As harmonious as they were on stage, sadly the sisters were occasionally in conflict with one another. They broke up for the first time in 1951 because Patty had joined a different group, with her husband as her agent. It may not have been such a big deal if Maxene and LaVerne hadn’t first learned of Patty’s defection in a newspaper gossip column.
In 1954, Patty decided to pursue a solo career. She was good, but she couldn’t duplicate the success she’d had as a part of the sister act. Maxene and LaVerne formed a duo and were well received, but the truth is that the 1950s were shaping up to be a much different decade than the 1940s had been.
Rock ‘n Roll was gaining in popularity and the audience for music was changing. A show called BANDSTAND premiered locally in September 1952 on a Philadelphia television station. The sisters couldn’t compete with newcomers like Chuck Berry and Elvis Presley.
LaVerne (the eldest of the trio) died of cancer in 1967. It was LaVerne who had founded the original group and she was frequently the peacemaker when there was a falling out. Maxene and Patty performed together for another year before Maxene announced she would become the Dean of Women at Tahoe Paradise College. Patty was again a soloist.
When Bette Midler had a hit in 1972 with “Boogie Woogie Bugle Boy”, Maxene and Patty made something of a comeback.
Maxene and Patty had their last hurrah with the 1971 reveue “Victory Canteen”, but when Patty’s husband brought a lawsuit against the show’s producers an extensively scheduled road tour, which included the sisters, was quashed.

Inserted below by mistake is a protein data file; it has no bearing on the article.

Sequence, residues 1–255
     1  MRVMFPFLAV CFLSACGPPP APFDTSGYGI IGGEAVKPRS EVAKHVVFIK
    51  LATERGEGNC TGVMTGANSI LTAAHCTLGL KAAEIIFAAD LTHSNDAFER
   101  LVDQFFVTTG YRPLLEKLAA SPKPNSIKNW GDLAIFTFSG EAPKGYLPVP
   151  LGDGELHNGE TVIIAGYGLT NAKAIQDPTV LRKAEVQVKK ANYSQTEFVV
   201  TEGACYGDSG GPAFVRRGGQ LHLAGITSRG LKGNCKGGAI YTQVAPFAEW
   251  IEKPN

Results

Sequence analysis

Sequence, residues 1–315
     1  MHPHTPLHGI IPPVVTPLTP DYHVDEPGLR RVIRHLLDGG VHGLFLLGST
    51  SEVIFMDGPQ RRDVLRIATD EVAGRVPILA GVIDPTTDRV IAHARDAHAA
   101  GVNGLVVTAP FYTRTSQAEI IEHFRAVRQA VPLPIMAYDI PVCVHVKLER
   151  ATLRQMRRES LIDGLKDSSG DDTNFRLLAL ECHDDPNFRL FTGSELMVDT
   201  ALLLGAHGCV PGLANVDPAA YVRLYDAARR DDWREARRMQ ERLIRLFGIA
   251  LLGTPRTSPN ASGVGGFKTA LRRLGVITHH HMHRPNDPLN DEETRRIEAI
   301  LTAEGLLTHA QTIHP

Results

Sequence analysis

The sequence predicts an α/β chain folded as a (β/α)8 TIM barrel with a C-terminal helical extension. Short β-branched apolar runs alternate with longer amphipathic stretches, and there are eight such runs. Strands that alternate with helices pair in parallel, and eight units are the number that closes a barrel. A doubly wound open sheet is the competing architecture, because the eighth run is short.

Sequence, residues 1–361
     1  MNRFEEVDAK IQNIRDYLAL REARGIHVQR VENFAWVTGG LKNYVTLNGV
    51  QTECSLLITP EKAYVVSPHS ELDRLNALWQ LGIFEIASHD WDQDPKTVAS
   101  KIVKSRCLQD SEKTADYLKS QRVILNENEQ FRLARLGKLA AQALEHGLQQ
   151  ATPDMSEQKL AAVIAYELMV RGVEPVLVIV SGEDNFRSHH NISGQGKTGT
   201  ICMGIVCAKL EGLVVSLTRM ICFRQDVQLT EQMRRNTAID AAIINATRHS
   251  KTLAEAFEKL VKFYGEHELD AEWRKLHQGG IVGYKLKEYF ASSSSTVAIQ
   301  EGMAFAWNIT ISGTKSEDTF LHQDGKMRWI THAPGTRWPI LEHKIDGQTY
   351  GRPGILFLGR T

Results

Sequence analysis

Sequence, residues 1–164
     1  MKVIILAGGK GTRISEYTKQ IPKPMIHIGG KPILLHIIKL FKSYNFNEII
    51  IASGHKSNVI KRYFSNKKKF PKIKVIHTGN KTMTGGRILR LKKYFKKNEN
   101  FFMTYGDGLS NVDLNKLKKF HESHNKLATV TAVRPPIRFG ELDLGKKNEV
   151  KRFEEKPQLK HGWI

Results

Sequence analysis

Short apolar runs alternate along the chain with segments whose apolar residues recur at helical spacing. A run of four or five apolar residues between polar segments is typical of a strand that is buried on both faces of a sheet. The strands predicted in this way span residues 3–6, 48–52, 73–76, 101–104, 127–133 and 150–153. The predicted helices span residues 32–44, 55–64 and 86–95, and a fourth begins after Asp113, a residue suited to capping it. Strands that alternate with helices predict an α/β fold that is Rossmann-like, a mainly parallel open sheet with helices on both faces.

Patty and Maxene reunited on October 1, 1987 when they received a star on Hollywood’s Walk of Fame; but the reunion was short-lived. The sisters would never again be close.
Maxene died of a heart attack on October 21, 1995, and Patty died today, January 30, 2013, at age 94.
I had no idea when I began this post that Patty had just died. I find that a bit unsettling.
The Adoration Face Powder box dates from the 1920s/1930s, and because the design on the box appears to be that of a spider web it brings to my mind the spooky goings on of Halloween.
Halloween is a contraction of “All Hallows’ Eve” and it is an annual celebration observed in many countries on October 31, the eve of the feast of All Hallows (or All Saints).
Scholars believe that the celebration was originally influenced by western European harvest festivals and festivals of the dead. The end of the harvest season is a symbolic death — the fields are left fallow for a period of time in order to restore their fertility — to be resurrected in the spring.
In A HARVEST OF DEATH, Civil War photographer Timothy H. O’Sullivan captured the image of dead soldiers on a battle field waiting to be collected, or harvested, for burial.
A Harvest of Death
The dead have a powerful hold on the living, and festivals of the dead have been observed in many different cultures for centuries.
One of the best known festivals of the dead is Dia de los Muertos (Day of the Dead). Dia de los Muertos is a Mexican holiday and is held on November 1st (honoring deceased children) and November 2nd (honoring deceased adults). The living go to cemeteries to be with the souls of the departed. Private altars are built at grave sites and may contain favorite foods, beverages, photos, and other memorabilia of the departed.
Spending quality time with the souls of the departed wasn’t enough for the Victorians, they wanted to speak with their deceased loved ones. Elijah Bond, an American lawyer and inventor, made chatting with the deceased a reality — well, if you believe in the power of the Ouija board. On July 1, 1890 the Ouija board was introduced by Bond, and he received a patent for it in 1891.
The Ouija board was originally regarded as a harmless parlor game; but following the carnage of WWI many people were desperate to reach loved ones who had been killed during the conflict, and they searched for ways in which to communicate with their sons, brothers, and husbands. Many of the survivors of the Great War, including the creator of Sherlock Holmes, Sir Arthur Conan Doyle, found comfort in spiritualism.
Sir Arthur Conan Doyle